05 Mar Converting Rental Property to a Primary Residence: Property Division in Divorce, Part 4
When dividing assets in divorce most people, individuals, mediators and attorneys alike, tend to focus on the property division spreadsheet. Current values of assets are listed along with outstanding debt balances that are deemed to be marital. Typically, above all else, the focus and end goal is to split property 50-50. With so much emphasis on this spreadsheet that dictates the remainder of your financial future, is there anything missing that could dramatically change your post-divorce expectations?
One of the first initial complications of divorce is altering living arrangements. Planning for this change usually creates strain on the budget and tension within how the family will operate in two homes. Divorce proceedings may have already began or the process is nearing which creates more stress and demands. Moving into a rental property that the couple owns may seem like an easy answer for solving these overwhelming living arrangement issues. However, converting rental property to a primary residence can cause significant tax complications down the road that weren’t anticipated or discussed during a dissolution of marriage. Be cautious of what might be missing!
Capital Gains Tax
Capital gains are assessed when a property is sold, whether the property is real property, a personal residence or combination as discussed in the previous article in this series, Property Division in Divorce Part 3: Home Equity (click here to read). Individuals or couples that have owned and been living in the home for two out of the last five years can offset gains by utilizing the primary home exclusion of up to $250,000 for individuals or $500,000 for married filing joint couples.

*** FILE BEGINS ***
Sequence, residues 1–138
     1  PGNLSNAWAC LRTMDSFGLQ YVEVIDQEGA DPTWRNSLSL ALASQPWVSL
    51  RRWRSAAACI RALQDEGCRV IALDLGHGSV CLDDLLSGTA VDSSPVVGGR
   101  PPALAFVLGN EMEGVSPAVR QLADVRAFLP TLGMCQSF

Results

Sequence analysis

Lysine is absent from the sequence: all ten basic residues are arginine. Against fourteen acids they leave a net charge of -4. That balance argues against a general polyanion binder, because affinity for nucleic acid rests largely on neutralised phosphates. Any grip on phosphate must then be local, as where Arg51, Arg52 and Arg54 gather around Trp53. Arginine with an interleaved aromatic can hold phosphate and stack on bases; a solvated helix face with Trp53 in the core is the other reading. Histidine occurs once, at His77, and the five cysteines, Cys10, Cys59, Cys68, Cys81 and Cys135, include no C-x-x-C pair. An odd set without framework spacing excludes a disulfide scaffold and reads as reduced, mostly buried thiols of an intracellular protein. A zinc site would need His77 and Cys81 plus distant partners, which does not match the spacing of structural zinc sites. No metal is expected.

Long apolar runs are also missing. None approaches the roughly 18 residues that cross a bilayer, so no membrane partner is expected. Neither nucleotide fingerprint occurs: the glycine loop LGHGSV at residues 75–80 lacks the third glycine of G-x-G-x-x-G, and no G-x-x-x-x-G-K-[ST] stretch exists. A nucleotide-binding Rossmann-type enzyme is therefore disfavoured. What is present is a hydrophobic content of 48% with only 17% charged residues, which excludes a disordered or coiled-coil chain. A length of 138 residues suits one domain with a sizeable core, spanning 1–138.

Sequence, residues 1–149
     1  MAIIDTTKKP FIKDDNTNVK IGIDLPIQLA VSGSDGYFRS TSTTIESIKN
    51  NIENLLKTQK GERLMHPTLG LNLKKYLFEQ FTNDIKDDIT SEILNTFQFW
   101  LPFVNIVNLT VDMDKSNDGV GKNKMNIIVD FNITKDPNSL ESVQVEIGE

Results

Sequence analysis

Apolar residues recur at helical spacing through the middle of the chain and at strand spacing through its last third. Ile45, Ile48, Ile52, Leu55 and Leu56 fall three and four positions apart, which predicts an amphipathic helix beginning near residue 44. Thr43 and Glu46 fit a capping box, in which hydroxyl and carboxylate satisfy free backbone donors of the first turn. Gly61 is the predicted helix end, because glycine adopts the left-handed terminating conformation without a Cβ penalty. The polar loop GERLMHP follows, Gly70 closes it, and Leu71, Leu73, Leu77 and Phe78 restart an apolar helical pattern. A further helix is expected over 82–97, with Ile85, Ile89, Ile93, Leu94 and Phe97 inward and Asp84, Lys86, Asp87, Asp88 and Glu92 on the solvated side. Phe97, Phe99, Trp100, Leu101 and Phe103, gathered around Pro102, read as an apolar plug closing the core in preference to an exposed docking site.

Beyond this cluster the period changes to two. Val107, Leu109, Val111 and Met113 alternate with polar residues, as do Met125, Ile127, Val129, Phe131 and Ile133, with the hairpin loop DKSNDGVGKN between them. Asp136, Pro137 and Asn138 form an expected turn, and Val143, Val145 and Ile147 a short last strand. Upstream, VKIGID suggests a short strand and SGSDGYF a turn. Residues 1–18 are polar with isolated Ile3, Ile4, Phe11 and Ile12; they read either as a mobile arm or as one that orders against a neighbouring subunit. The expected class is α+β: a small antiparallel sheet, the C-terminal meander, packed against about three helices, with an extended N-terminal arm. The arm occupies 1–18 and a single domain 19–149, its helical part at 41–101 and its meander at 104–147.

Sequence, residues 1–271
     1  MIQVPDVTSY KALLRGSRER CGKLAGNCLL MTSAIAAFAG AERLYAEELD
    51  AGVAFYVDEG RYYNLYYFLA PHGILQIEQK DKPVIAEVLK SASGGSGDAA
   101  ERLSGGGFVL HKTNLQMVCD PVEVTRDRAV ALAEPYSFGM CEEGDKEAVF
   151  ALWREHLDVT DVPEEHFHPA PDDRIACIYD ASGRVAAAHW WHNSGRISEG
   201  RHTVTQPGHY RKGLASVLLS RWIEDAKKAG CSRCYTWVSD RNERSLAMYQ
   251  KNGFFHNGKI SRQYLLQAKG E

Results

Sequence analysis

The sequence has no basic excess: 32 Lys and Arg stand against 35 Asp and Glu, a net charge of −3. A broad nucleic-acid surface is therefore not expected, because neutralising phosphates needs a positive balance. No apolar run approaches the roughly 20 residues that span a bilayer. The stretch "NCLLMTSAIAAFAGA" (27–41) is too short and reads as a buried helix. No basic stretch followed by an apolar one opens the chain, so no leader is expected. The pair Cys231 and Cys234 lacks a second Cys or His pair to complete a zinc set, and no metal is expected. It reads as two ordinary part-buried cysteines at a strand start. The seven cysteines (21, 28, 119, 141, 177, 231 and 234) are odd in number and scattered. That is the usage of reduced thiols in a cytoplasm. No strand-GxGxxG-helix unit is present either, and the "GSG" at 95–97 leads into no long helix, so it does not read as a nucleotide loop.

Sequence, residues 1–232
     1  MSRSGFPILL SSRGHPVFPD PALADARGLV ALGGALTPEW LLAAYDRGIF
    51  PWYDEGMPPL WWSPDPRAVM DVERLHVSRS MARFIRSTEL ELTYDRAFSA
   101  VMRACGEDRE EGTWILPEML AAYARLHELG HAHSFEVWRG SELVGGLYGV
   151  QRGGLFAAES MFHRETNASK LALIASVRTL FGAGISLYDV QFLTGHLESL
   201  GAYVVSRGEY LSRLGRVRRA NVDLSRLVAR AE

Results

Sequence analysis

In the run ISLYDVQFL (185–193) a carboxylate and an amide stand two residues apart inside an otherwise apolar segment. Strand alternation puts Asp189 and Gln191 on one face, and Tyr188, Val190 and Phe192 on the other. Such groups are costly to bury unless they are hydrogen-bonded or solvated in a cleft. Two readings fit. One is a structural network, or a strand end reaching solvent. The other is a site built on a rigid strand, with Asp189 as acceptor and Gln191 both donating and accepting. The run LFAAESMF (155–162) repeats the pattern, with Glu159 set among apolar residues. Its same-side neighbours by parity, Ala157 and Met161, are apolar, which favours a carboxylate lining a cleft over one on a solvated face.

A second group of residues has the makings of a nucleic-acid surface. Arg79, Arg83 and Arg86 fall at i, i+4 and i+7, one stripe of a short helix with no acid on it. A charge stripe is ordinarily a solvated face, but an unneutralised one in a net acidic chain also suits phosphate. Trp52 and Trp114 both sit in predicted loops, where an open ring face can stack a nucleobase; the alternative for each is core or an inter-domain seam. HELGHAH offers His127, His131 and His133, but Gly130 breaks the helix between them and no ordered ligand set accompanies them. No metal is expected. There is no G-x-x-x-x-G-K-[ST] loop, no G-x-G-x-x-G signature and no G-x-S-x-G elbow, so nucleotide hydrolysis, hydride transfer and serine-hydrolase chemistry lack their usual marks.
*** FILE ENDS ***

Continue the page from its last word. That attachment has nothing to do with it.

However, The Housing Assistance Tax Act of 2008 has complicated the exclusion for property that has been used as both a primary residence and a rental property. In cases where the property has been rented out after 2009, not all of the gains associated with the property can be offset with the above exclusions even if the ownership and living requirements have been met.
With the tremendous real estate growth that has been experienced in the Denver market this past decade, it is imperative to understand how much of the capital gains can be sheltered with the primary residence exclusion and if there are any amounts that will be exempt.
If the property has at anytime been rented to tenets, most likely depreciation occured. Owners depreciate assets such as rental property because it will lower income taxes and help offset rental income. Depreciation can not be offset by a primary residence capital gain exclusion which was discussed above. Therefore, any amount depreciated while holding the property will be subject to 25% depreciation recapture tax.
Making the decision of moving into a rental property that you own can be more complex then what it may seem on the surface with unique tax issues involved. The value of these properties on the property division spreadsheet may not always be of the same value down the road after taxes have been evaluated. Be sure to consider all the financial components of your divorce transition; how they affect your priorities and long-term financial situation. Financial education, analysis and proper planning before signing the final papers is more important than ever to build a strong foundation for the next chapter in life.
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